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  • Jim Bessman

Wilford Brimley--An appreciation


Wilford Brimley performs "Fraulein" with Riders in the Sky

Following word of his death Saturday at 85, the twitterverse quickly filled with submissions by Wilford Brimley fans of favorite movies like Coccoon, The Firm, The Natural and Absence of Malice, not to mention his TV work in such series as The Waltons and Our House, and of course, his immortal “It’s the right thing to do” Quaker oatmeal TV spots.

Obituary writers understandably settled on adjectives like “gruff” and “curmudgeonly” in typifying Brimley’s screen portrayals, though in real life, said his manager Lynda Bensky in a statement, “he had a tough exterior and a tender heart.”

“Wilford Brimley was a man you could trust,” said Bensky. “He said what he meant and he meant what he said. He was one of a kind.”

And while he wasn’t as well known for it, Brimley was also a recording artist whose catalog included an album of jazz standards named for the Harold Arlen-Johnny Mercer song This Time the Dream’s on Me (2004) and a 2013 collaboration with Grand Ole Opry country & western group Riders in the Sky entitled Home on the Range.

“I’m not really a singer,” Brimley told an interviewer ahead of the latter album’s release, speaking softly on the phone from his home in Wyoming. He recalled how he had contacted Riders in the Sky to perform at a local charity event organized by his wife and her friends, promising that they’d “feed ‘em and fan ‘em and whatever else we do”—everything, that is, except pay them, because all the money raised went to the charity.

“And, hell! They showed up!” he marveled.

“I was deeply touched and moved by that,” Brimley continued, “and then they asked me if I would do something with them and I said, ‘You know this song?,’ and of course they knew it and I sang it--and the next thing I know I’m in Nashville doing a record album with them and making appearances on some shows with them.”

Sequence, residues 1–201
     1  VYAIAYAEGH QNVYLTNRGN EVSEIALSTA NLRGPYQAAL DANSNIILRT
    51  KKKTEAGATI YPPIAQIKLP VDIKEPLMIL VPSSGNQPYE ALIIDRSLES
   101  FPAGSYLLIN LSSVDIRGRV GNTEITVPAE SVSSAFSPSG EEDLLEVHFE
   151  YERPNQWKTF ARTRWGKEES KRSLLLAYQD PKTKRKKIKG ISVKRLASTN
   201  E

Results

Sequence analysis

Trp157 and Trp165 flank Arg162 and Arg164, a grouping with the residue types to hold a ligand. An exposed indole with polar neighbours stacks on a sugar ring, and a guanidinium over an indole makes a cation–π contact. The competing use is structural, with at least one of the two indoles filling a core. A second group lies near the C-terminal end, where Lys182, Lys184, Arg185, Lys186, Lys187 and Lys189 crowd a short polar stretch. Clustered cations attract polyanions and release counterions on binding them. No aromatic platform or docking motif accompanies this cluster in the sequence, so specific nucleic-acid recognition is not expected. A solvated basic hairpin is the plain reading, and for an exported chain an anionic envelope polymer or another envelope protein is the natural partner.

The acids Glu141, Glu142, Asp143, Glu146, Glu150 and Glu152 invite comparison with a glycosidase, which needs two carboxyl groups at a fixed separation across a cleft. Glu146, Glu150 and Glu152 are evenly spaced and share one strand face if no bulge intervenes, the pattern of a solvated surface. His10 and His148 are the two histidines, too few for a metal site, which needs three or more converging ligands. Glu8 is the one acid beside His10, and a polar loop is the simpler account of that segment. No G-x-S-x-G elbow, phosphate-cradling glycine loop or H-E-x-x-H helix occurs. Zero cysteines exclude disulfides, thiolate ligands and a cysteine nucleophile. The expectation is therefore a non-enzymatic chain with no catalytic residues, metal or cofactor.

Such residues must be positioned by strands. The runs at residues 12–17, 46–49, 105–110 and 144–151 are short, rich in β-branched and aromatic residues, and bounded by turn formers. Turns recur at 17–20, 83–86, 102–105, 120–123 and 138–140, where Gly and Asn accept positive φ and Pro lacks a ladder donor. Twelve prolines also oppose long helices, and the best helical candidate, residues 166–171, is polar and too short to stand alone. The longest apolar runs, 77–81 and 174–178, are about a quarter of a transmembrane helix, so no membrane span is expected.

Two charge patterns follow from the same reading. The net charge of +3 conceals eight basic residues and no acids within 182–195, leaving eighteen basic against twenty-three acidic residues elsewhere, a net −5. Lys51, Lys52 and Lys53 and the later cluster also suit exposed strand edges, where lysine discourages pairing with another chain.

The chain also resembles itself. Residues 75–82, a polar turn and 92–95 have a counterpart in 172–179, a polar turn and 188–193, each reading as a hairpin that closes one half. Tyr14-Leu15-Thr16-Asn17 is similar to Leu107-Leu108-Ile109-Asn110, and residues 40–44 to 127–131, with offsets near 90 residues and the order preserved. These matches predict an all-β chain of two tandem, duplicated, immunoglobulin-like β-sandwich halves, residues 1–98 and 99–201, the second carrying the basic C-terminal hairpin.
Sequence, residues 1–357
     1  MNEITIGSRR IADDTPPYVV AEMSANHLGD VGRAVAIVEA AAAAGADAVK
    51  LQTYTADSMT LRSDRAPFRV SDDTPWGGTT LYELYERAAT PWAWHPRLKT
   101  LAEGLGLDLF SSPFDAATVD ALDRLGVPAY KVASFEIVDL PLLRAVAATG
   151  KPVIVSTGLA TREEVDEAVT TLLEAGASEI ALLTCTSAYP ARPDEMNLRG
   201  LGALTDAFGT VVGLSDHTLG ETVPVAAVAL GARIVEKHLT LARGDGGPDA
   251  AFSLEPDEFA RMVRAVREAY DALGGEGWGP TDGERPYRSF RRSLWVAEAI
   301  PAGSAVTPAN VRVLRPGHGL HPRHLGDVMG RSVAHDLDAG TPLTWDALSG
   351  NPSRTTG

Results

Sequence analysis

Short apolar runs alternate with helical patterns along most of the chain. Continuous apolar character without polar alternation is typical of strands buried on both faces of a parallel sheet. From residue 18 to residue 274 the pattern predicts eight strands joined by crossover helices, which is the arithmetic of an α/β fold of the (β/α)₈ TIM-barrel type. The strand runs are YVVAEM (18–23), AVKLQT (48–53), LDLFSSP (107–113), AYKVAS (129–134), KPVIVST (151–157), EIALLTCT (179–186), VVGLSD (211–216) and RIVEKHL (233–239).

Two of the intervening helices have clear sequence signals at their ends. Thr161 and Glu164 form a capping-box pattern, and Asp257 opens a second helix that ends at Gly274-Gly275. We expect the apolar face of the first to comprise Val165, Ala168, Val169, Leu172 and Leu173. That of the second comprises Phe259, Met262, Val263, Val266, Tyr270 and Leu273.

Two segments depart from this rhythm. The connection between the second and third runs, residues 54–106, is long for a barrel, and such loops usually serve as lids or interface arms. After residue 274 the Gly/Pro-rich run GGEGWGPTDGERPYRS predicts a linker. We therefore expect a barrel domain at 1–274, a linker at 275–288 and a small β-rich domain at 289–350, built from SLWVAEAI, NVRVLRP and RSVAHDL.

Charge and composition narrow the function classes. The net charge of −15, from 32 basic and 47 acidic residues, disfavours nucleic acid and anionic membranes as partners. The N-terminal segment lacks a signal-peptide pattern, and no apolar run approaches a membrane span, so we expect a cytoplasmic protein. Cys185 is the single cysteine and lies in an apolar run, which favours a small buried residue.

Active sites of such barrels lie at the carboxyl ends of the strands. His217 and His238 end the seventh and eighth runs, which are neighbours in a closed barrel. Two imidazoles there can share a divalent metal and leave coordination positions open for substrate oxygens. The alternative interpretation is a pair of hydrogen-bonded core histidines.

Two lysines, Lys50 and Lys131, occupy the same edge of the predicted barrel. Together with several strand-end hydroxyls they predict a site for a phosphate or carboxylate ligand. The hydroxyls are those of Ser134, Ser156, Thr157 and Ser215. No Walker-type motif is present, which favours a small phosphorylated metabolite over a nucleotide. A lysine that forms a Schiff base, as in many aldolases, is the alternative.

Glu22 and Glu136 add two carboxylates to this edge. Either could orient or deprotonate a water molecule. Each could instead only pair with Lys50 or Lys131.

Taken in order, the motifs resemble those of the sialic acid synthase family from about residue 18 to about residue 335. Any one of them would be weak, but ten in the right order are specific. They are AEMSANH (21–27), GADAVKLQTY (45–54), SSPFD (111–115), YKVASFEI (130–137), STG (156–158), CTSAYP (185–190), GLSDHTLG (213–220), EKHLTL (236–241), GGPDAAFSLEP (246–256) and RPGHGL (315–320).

The song requested by Brimley, incidentally, was Bobby Helms’ 1957 melancholic country classic “Fraulein.” The recording of it on Home On The Range had left “not a dry eye in the [studio] room,” according to one witness.

Brimley had chosen “Fraulein” and the rest of the album’s repertoire (also including personal favorites like the titletrack and “I'll Take You Home Again, Kathleen”) with Riders in the Sky’s blessing.

“They were very, very gracious about that,” he recalled. “We got the songs all done and had a lot of fun, and as part of the bargain I went to that famous old radio show in Nashville, the Grand Ole Opry, and to the club [3rd & Lindsley] where [Riders’ guitarist/vocalist Ranger] Doug Green plays weekly with the best swing band I’ve ever heard in my life [The Time Jumpers]—and I’ve seen Bob Wills and Spade Cooley perform!”

Brimley later traveled to Arizona to perform with Riders in the Sky. “He’s a delightful and wonderful guy to work with,” Green said ahead of the gig. “He has a great presence, and people just love him.”

Contacted yesterday, Green expressed surprise at obituaries describing Brimley as “`gruff and cantankerous’—as a person, not as he frequently was in his screen roles.”

“We all found him to be charming, witty, a storyteller of incredible talent, a fine singer in his way, and a complete delight to work with and hang out with,” added Green.

“Doing that album with him was a real delight--as was his friendship. He’d often call just to chat, and it’s been a highlight to have been part of his circle.”

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